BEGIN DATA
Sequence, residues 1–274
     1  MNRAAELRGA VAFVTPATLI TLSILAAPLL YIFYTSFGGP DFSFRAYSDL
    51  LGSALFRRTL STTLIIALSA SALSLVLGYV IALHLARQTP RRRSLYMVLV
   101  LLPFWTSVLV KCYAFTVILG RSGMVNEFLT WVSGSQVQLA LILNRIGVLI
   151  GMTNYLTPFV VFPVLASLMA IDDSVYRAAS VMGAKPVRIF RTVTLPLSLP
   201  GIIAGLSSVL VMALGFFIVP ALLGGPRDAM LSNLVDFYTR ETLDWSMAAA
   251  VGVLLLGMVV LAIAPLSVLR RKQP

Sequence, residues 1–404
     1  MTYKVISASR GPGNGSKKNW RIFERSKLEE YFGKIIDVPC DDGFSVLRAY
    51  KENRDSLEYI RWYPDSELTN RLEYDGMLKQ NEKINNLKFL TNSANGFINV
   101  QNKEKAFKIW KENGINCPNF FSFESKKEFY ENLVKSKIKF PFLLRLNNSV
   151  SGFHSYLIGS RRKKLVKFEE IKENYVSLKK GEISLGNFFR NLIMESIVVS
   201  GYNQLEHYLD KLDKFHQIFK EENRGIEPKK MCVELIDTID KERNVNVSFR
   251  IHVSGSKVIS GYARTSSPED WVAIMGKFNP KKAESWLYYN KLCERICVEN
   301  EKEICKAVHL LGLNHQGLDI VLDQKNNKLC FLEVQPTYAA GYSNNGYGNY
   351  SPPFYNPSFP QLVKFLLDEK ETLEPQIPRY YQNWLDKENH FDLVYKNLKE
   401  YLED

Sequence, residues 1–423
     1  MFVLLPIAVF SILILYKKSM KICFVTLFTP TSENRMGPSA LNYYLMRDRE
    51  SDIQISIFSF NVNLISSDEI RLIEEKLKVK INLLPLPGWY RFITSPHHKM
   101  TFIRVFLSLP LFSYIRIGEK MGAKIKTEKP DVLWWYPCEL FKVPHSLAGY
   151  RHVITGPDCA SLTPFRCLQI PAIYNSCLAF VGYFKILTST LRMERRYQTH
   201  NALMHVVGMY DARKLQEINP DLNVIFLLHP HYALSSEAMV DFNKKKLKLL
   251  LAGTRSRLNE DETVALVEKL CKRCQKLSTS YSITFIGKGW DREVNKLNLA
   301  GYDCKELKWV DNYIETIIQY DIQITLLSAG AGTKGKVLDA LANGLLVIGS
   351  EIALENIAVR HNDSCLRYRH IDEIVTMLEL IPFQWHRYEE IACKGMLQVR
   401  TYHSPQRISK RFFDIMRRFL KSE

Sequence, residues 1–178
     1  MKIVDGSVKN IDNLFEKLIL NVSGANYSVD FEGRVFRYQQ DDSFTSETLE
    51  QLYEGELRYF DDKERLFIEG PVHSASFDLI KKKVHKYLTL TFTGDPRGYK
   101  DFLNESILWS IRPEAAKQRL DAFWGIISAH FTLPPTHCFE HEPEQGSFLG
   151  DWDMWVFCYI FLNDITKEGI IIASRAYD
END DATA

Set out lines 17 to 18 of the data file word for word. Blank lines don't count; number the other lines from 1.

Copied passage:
   401  YLED

Sequence, residues 1–423